CHARLOTTE, N.C. (AP) — Carolina Panthers coach Ron Rivera likes to refer to Pro Bowl running back Jonathan Stewart as his team’s “tempo setter.”
The hard-running Stewart piled up 106 yards rushing and two touchdowns against the Seattle Seahawks’ top-ranked run defense in Carolina’s 31-24 divisional playoff win last Sunday, including a 59-yard run on the first play from scrimmage which led to a Panthers touchdown.
That set the tone for Carolina, which jumped out to a 31-point lead.
The Panthers are expected to rely heavily on the eight-year NFL veteran Sunday against the Arizona Cardinals in the NFC championship game, particularly if wintry weather conditions persist in the Charlotte area. Ice and sleet blanketed the area on Friday, forcing hundreds of flight cancellations at Charlotte Douglas International Airport. Temperatures are expected to be in the mid-20s around game time, although no precipitation is in the forecast for Sunday night.
Regardless Arizona coach Bruce Arians is expecting a heavy dose of Stewart.
“Jonathan Stewart’s as good as you get,” Arians said this week.
Behind Stewart, All-Pro fullback Mike Tolbert and mobile quarterback Cam Newton, the Panthers have run for 100 yards in 30 straight games, including the postseason and haven’t missed a beat since parting ways with their all-time leader rusher DeAngelo Williams this past offseason.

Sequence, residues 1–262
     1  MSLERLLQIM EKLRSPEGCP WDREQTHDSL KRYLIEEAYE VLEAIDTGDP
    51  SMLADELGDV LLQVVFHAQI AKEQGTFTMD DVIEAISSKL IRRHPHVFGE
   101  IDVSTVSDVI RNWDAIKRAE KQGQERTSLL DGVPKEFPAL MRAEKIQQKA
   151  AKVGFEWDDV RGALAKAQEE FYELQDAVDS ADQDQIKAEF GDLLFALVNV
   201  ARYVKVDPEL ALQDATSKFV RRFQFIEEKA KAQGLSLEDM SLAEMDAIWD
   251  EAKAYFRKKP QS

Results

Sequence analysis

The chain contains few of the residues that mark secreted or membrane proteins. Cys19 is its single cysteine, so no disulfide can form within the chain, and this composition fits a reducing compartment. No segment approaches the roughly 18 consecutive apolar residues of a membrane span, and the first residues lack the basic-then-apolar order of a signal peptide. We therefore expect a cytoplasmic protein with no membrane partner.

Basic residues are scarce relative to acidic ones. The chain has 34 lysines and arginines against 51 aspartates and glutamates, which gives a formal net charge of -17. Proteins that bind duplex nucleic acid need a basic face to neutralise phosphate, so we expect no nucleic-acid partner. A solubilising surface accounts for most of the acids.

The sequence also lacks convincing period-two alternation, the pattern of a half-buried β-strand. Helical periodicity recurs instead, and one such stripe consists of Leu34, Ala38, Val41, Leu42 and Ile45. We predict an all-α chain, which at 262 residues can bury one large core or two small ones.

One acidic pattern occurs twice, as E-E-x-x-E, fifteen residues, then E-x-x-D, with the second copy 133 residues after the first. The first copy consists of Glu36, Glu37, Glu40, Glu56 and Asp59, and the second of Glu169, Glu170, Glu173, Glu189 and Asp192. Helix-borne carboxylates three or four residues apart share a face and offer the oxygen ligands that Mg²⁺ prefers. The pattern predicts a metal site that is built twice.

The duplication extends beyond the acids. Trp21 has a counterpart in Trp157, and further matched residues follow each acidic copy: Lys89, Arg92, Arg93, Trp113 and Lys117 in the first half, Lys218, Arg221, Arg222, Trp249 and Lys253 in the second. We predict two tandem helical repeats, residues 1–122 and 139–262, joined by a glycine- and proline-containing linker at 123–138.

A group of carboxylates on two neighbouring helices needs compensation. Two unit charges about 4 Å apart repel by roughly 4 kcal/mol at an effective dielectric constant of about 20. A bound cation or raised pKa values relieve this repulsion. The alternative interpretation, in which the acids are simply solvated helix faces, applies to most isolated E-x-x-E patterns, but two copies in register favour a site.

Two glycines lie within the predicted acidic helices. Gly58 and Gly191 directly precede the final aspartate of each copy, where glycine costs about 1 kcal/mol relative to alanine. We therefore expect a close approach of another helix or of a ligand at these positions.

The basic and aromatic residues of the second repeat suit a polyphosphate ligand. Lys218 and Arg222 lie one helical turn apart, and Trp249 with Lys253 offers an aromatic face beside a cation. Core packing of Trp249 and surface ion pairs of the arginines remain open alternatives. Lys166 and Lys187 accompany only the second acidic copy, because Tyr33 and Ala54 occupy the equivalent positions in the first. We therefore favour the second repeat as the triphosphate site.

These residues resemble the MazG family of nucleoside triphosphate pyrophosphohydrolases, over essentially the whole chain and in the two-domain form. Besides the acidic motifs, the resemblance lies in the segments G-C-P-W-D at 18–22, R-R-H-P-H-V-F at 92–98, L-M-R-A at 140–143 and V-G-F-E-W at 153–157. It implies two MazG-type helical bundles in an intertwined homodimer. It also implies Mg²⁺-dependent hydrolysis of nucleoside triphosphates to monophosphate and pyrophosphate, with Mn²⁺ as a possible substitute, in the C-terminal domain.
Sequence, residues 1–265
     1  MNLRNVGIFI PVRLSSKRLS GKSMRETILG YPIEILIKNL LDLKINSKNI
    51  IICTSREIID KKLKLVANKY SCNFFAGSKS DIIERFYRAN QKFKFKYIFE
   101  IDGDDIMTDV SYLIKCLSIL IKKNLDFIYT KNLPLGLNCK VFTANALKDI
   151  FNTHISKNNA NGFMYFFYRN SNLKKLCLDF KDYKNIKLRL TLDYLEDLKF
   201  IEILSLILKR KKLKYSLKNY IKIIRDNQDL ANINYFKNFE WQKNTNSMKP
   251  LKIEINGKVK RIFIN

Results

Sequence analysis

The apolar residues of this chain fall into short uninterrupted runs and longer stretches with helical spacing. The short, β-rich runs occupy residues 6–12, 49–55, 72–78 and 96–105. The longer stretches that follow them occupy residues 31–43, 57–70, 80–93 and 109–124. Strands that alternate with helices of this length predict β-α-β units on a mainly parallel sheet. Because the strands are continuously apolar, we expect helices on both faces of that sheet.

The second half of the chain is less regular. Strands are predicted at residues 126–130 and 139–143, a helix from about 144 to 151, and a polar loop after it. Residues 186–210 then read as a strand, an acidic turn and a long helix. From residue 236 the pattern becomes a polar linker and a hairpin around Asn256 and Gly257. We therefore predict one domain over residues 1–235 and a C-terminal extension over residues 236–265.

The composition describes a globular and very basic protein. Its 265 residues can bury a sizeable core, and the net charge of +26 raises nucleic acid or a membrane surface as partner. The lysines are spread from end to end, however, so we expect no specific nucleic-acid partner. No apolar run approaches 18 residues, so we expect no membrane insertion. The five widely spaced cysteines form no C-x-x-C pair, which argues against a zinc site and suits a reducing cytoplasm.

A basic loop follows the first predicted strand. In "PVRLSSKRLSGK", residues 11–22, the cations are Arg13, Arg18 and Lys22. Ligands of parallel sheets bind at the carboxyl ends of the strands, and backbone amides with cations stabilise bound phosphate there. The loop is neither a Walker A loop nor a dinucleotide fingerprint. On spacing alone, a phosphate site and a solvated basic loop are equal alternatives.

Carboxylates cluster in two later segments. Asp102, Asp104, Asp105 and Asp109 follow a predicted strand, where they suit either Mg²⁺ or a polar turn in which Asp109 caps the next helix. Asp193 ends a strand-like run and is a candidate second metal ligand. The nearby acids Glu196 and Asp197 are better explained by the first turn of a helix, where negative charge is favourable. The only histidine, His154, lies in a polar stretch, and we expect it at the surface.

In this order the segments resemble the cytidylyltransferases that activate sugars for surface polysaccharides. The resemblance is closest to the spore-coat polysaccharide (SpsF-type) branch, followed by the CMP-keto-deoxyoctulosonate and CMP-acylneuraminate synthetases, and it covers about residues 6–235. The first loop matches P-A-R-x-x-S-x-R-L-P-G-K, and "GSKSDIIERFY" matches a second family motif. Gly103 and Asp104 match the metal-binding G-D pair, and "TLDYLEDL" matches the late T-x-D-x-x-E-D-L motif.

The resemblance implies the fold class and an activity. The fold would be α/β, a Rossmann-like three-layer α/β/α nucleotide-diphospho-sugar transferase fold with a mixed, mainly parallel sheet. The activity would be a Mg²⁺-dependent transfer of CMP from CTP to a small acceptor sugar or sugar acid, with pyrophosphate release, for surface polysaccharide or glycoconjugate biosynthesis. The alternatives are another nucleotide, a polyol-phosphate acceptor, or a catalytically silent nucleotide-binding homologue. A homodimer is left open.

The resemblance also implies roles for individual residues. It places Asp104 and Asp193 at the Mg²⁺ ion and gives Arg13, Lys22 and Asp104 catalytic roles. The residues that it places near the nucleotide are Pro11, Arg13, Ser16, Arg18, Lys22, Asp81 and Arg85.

Stewart is a big reason why.
He was asked to take on a larger workload and responded by rushing for 989 yards and six touchdowns in the first 14 games of the regular season. He was third in the league in rushing at the time before a foot injury sidelined him for the final three regular season games.
Stewart averaged nearly 19 carries per game during the regular season, far more than his typical career average.
“The fact that he’s played as much as he has this year in comparison to the earlier seasons, I think has been great for us,” Rivera said. “He’s one of those guys that sets the tempo because he’s a physical player, and this game is about physicality. So, it’s kind of neat to see him have the success he has had.”
There was some concern over Stewart’s conditioning on Sunday after sitting out four weeks.
But he had 84 yards and two touchdowns at halftime against the Seahawks.
“That was the whole thing with me coming back, me being able to come back and be effective, not just come back and go out there and grind it out,” said Stewart, who deflected credit to his offensive line. “I wanted to come here and be the running back they expected me to be.”
The Cardinals have been decent against the run, holding opponents to 91.3 yards per game and 3.9 yards per carry.
But Arizona defensive tackle Calais Campbell knows that Stewart presents a huge challenge, especially with fresh legs.
“He has had an unbelievable year,” Cardinals defensive tackle Calais Campbell said. “He’s a great running back in this league. The way he’s running the ball, his patience, the way he finds the crease, his speed, his acceleration, he’s playing at an All-Pro level. I don’t know how much credit he gets outside in the media world, but when you watch film, he’s definitely the guy that’s the key to the offense.
“He creates some big things out of just a little bit. He doesn’t need much to get going. So we have our hands full trying to stop him.”
If field conditions cause havoc with the passing game, it could benefit Carolina since they have a stronger run game.
Although the Cardinals finished eighth in the league in rushing, they’ve b been held to a combined 67 yards rushing the last two games.
“We need to run it better when we run it,” Arians said. “We have to really be more efficient. We have too many zero and 1-yard gains in the last two weeks.”
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